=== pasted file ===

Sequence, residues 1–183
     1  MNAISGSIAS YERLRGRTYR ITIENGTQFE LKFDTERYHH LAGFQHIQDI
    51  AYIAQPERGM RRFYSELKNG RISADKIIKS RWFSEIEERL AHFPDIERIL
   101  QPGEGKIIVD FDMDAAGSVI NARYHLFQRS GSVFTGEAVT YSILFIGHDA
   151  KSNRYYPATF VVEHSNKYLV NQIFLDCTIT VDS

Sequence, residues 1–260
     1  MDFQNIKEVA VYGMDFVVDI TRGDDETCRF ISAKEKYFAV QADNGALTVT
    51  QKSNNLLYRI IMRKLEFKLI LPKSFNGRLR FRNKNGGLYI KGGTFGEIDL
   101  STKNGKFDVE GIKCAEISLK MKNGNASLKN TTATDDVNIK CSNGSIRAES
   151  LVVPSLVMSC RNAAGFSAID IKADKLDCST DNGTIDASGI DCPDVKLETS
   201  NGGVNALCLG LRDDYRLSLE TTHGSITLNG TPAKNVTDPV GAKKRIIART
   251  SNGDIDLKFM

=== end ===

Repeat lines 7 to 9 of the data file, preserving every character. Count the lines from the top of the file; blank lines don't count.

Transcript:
     1  MDFQNIKEVA VYGMDFVVDI TRGDDETCRF ISAKEKYFAV QADNGALTVT
    51  QKSNNLLYRI IMRKLEFKLI LPKSFNGRLR FRNKNGGLYI KGGTFGEIDL
   101  STKNGKFDVE GIKCAEISLK MKNGNASLKN TTATDDVNIK CSNGSIRAES